This week Google has been trotting out a series of new products, which seems to me, to simply be a checklist of Apple competitors. First the phone OS, now a tablet device, then TV streaming hardware. Somewhere buried in Google's founding principles is the idea that "It’s best to do one thing really, really well". Looking at their recent product announcements I struggle to see how they've held to this principle. From my perspective Google's real benefit is data. They have more of it than anyone else (scary) and they've got it ordered and cleaned better than anyone else. So surely using that data and creating ways in which peoples can access that data is where they can really compete.
Google Now is an example of Google using data in a way that is of use to people's lives. Simple, beautiful, useful and dare I say it, not a copy of something Apple or Facebook have done.
If it's not bad enough for poor old Blackberry, having to compete against Apple's iconic iPhone, now they are trying compete with Apple's iconic Think Different campaign.
It's hard to ignore the irony of Blackberry, who have clearly lost ground by simply following competitors, running a campaign inferring that Apple are conformists.
Shockingly poor creative strategy Blackberry. Must try harder.
Within Apple's recent Dev Conference it announced a number of updates, including a soon-to-be-released iOS6. One of the updates to the operating system is a redesigned maps application. It is described (by Apple) as "Designed by Apple from the ground up". Scott Forstall casually announced that it was built by "our cartography team".
Hang on. Let's go back and consider that again. Apple have binned off Google Maps (no surprise) but they've also built their own cartography team - not a simple matter i would imagine. Then then created a graphics engine that has redrawn the entire worlds maps, all the way down to street level. Bloody hell. That's huge!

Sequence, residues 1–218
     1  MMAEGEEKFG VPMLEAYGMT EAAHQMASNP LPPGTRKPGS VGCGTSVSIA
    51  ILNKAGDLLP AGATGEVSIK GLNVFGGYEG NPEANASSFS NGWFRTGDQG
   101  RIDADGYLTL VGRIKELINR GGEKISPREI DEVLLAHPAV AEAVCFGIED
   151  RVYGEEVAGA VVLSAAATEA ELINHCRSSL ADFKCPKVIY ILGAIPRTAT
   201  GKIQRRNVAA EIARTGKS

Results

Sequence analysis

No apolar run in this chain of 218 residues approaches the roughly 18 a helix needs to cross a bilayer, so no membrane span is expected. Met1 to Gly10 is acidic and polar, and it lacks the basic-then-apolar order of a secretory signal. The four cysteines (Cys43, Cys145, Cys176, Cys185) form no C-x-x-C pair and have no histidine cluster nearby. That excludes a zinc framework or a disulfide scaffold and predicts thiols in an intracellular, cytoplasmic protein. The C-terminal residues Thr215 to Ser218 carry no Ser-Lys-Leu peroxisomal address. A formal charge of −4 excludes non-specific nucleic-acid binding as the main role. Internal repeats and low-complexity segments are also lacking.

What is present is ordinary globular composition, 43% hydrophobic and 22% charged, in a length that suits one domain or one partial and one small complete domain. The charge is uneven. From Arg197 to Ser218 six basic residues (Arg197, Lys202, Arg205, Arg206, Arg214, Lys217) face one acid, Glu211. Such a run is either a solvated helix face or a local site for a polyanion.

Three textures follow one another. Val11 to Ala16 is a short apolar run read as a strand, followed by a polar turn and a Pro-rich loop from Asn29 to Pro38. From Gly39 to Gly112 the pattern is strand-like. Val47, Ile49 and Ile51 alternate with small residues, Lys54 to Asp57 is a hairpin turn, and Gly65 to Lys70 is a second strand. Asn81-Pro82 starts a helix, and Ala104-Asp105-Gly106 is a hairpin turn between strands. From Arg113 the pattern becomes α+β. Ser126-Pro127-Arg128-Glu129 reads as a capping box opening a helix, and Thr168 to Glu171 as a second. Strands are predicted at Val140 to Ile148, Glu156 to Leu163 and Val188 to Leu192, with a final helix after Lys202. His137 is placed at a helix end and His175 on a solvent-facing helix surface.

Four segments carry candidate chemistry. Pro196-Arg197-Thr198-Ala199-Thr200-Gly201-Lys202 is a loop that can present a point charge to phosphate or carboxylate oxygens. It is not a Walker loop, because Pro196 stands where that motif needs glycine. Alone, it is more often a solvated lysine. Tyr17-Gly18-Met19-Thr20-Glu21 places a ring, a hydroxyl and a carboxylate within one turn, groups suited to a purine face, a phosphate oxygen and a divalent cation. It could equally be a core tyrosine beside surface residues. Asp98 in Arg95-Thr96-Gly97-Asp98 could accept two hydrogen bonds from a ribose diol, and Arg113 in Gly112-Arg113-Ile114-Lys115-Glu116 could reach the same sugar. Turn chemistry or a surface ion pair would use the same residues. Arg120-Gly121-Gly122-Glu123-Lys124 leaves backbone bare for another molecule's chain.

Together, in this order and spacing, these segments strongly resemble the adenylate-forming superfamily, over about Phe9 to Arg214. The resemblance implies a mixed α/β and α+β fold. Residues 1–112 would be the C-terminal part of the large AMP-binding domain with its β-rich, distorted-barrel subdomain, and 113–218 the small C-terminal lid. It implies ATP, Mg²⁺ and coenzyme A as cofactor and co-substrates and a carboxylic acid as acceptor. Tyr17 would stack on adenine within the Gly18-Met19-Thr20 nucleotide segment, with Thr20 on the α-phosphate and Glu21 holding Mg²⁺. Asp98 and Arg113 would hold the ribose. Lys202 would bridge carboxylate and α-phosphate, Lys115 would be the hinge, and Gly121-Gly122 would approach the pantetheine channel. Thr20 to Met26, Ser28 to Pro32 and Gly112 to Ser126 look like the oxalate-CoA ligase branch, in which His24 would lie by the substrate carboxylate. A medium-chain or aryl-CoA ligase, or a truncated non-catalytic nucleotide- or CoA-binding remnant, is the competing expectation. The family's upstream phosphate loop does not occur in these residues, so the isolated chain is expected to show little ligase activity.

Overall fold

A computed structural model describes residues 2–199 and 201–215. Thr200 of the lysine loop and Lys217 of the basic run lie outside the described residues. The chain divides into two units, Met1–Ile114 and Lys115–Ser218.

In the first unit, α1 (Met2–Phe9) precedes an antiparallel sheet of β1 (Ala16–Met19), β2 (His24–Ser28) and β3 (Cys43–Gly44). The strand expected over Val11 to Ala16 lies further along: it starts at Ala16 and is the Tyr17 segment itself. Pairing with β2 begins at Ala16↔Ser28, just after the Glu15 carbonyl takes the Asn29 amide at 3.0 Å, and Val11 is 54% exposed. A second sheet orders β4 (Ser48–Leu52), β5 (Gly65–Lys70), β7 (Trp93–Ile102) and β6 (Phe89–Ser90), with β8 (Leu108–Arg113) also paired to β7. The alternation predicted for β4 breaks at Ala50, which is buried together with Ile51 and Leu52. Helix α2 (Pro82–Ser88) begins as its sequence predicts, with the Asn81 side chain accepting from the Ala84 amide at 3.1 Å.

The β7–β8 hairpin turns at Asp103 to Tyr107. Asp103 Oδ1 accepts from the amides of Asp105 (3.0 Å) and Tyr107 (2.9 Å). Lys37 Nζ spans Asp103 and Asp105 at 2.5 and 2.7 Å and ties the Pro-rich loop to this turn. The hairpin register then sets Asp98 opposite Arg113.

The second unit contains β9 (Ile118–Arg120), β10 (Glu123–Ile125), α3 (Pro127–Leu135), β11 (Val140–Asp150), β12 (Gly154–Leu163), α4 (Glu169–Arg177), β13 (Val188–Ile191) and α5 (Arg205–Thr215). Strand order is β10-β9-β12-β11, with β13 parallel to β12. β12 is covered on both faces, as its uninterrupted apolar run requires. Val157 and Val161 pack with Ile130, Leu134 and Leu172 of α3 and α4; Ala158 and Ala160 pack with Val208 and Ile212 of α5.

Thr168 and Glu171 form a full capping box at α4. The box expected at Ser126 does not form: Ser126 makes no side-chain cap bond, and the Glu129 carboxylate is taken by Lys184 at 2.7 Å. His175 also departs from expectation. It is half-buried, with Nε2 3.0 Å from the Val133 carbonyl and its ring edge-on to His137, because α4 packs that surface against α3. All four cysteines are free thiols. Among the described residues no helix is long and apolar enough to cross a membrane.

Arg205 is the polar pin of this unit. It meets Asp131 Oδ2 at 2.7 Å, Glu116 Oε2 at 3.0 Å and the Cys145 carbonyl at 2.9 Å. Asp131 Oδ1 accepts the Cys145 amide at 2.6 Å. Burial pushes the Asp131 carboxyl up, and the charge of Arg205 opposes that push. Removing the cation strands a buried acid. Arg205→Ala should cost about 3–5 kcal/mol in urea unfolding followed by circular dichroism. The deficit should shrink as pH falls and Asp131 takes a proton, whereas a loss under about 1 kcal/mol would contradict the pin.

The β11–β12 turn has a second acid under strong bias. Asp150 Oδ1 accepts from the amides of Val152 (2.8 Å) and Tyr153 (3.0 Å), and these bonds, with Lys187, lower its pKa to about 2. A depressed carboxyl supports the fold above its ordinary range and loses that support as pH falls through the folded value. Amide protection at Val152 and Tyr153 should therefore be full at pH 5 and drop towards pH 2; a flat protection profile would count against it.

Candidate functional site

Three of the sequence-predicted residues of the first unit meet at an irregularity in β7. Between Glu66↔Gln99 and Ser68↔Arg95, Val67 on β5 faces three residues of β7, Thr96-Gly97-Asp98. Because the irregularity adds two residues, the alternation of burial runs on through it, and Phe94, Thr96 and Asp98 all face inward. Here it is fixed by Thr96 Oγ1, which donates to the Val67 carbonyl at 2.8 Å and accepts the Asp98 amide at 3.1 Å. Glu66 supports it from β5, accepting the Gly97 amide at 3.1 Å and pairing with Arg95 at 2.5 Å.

For a minute consider the scale of that project. I can't find any details of how long Apple has been laboring away on this feature (I doubt I ever will), but I'm guessing it's been years. Before we even consider the scale of the logistics, operations, technical and data management work involved in this, let's look at what it would take to design a UI that works across every map on the planet.
Earlier this year Google shared some of the design process behind Google Maps in this article.You can see how the visual language has developed over an 8 year period. Icon designs have been adapted, colours have been tweaked, labels have a specific hierarchy, text is optimised for different zoom levels, gradients are displayed differently and so on and so forth. In other words; it's shit loads of work.
The designers in Apple's Maps team have set about creating a UI that works with almost any level of detail, in every language, at varying scales, that meets accessibility standards and can be used on small screens. Probably one of the most challenging design briefs imaginable. I'm gagging to get my hands on the update and see how successful the design is.
Since it's launch in 2006 Twitter has built the fastest information channels on the web. At this point in time it's significance can't be ignored. Although it's logo update might seem like a major change it boldly sets out to achieve what Nike took 20 years to do. It has removed it's name from the logo and site.
Initially it seems stark. Like something is missing. Time will tell if Twitter can do enough to make their new bird synonymous with their brand, which will undoubtedly be linked to their ability to turn a VC funded startup in to a profitable business.
I suspect they can do both.